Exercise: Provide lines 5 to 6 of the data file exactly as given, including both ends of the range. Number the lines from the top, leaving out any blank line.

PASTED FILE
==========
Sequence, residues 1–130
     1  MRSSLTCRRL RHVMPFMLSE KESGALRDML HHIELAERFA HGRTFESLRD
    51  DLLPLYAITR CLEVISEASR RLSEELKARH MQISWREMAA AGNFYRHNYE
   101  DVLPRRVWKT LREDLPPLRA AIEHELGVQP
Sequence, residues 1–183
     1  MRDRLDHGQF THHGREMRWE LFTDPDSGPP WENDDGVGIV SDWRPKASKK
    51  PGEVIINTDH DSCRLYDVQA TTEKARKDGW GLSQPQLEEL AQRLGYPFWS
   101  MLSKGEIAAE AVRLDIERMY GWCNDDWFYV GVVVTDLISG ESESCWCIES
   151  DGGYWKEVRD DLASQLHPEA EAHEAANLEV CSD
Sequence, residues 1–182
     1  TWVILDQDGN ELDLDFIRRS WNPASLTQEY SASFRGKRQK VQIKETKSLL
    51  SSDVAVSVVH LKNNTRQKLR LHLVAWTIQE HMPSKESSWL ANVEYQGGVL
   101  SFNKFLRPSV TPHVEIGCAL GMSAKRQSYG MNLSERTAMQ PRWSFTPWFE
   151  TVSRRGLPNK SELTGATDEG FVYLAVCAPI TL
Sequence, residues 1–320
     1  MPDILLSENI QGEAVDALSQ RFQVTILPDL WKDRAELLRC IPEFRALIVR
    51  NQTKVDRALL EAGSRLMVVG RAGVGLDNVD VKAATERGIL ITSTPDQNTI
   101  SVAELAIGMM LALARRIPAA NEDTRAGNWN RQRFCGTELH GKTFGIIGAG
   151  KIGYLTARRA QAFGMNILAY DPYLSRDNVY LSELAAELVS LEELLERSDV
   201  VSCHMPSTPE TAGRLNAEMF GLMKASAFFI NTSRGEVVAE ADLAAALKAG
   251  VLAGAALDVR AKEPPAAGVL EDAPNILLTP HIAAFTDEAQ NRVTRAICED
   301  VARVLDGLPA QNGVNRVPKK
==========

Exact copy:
Sequence, residues 1–183
     1  MRDRLDHGQF THHGREMRWE LFTDPDSGPP WENDDGVGIV SDWRPKASKK